A good clean fight isn’t the default for most of us. My own marriage was riddled with the detritus of explosive fights until we learned that that wasn’t working for us. In my work with couples I’ve found that some of us lack the most basic skills in how to have a good argument. We just never got that memo and out parents were terrible role models. Consequently, I’ve come up with four rules of engagement. These are ways to help you and your sparring partner have a good argument which is a conflict that you both have the courage to argue about in a way that both parties are heard, respected and after which you feel closer than ever and can have some great make up sex!
4 Tips For A Good Clean Fight
Not in order of importance, they are as follows:
- Never yell or use foul, abusive language. I don’t know how many times I’ve yelled my partner, “Stop yelling!” only to have him yell back, “I’m not yelling!” Both of you need to honor the other when your partner says, “Please talk to me more quietly. I can hear you better that way.” Plus words can be weaponized if they are spoken at top volume
- Never bring others into the argument. Keep the argument just between the two of you. Even ghosts in the room with you can cause a person to feel ganged up on. There is nothing to be gained by saying, “And my mother, sister and all my aunts agree with me!” or “You rather never liked me!”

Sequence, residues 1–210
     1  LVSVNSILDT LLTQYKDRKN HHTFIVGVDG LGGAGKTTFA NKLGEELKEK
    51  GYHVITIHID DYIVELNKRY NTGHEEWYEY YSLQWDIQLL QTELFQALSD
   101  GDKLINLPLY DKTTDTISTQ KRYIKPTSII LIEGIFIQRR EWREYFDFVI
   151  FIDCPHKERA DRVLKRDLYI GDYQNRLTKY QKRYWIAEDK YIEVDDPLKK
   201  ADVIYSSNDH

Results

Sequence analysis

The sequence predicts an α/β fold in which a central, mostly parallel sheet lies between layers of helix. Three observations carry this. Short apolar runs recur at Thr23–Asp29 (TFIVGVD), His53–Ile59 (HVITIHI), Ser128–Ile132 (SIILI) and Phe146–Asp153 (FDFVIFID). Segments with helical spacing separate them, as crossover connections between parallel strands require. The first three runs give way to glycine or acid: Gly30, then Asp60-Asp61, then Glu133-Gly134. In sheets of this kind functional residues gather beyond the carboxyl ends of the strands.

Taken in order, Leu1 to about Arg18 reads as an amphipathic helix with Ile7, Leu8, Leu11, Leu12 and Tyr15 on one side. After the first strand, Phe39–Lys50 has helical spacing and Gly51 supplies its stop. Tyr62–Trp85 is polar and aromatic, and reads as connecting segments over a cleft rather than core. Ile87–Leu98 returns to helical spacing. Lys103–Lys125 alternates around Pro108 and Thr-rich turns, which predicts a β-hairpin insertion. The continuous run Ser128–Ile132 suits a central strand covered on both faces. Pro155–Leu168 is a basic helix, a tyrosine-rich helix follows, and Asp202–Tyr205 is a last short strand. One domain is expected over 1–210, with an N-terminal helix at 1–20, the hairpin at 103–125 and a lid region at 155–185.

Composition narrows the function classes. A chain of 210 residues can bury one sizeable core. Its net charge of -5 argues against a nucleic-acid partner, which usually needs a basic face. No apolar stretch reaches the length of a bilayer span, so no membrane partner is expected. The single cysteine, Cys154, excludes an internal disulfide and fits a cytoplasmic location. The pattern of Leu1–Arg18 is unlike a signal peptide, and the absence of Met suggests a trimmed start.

- Never bring up the past. Stay focused on one issue in the current space and time. Piling up all past hurts can become overwhelming fast. If there are things in your history that are unresolved it might be good to work them out but at another time. Not when something just happened that needs your attention. Try to stay focused on one situation at a time.
- Allow time out. What’s good for kids when they get overwhelmed is good for adults. A time out before you get so upset you are no longer able to think or you’re at risk of yelling or using abusive language is very wise. Just don’t make it forever. You still have stuff to talk about. For twenty minutes or so, go to separate rooms, maybe take a walk, a shower, anything to help sooth you to feel more in control, calmer. When you are both reset and ready, you can talk and listen again.
Sounds simple and common sense-ish right? It’s amazing how the simple stuff that can trip us up. You can have a good clean fight. It’s not as difficult as you might imagine.
For more details on how to change “Pass the f*&^ing salt!” to “Please, pass the salt,” there is no better reference than Susan Heilter, author of The Power of Two. And you can always contact the professionals at Explore What’s Next. We have relationship coaches and therapists ready to help you put these guidelines into practice in a way that will benefit your life together.